The BCI instructed by the Supreme Court to review the rule mandating age limit for law courses


Yesterday, the Supreme Court of India passed an order asking the Bar Council of India (BCI) to review the rule of setting an upper age limit for admission in law courses.

The BCI proposed the Rules on Standards of Legal Education framed under the Advocates Act of 1961 in 2008. Clause 28 of Schedule III of the rules inflicted an upper age limit for prospective law students wherein the maximum age limit was 20 years for general category and 22 years for the SC/ST/OBC category students aspiring to join course of Bachelor’s in law. Likewise, the age limit for post graduate course was 30 years for general category and 35 years for reserved categories.

Post the matter was heard the Hon’ble Court noticed that there is no age to acquire education and observed that children from weaker section of the society would be disadvantaged due to the age limit rule.

The Bench comprising of Justices S.A Bobde and Sanjay Kishan Kaul ordered the BCI to review Clause 28 of the Rules on Standards of Legal Education. Further said, “We consider it appropriate in the interest of justice to permit the Bar Council of India to reconsider the age limit after hearing the various stakeholders, including the petitioner.”

After various attempts to challenge Clause 28, the BCI formed a committee comprising of one man (S Prabhakaran) to examine the validity of the provision. In opinion of the committee the provision was in contravention of Article 14 of the Constitution of India and suggested to delete it. Thereafter, in 2013 the BCI passed a notification and removed Clause 28.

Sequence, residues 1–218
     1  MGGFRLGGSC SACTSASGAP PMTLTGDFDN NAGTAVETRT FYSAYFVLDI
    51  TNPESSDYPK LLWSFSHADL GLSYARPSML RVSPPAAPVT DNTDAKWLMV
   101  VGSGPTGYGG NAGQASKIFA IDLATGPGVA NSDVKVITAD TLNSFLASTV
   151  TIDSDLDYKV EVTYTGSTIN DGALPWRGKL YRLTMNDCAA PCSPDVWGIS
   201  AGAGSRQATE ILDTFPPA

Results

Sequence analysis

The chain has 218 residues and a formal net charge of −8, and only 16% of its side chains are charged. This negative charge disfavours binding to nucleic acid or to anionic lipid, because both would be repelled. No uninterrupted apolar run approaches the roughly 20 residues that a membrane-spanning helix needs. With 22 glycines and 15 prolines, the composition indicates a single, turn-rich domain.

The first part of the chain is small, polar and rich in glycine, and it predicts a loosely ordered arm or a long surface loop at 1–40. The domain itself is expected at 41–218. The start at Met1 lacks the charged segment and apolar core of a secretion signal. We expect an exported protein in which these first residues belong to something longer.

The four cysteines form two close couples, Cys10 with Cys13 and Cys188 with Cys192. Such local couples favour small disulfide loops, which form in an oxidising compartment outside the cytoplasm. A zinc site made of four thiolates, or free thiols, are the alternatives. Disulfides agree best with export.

Subsequently, a writ petition was filed by an advocate praying to quash the notification of removal of Clause 28 as it was in contravention of the amendment procedure under the Advocates Act and the petition was allowed by the Madras High Court.

The BCI filed an appeal in the Supreme Court, however, the decision by the Madras High Court was upheld.

Despite that, the High Courts of Bombay and Punjab & Haryana had struck down the rule and may courts have allowed the petitioners over the age limit to appear for entrance exams.

While hearing this petition, the Supreme Court of India had put a stay on clause 28 and now has directed the BCI to review the rule.


 
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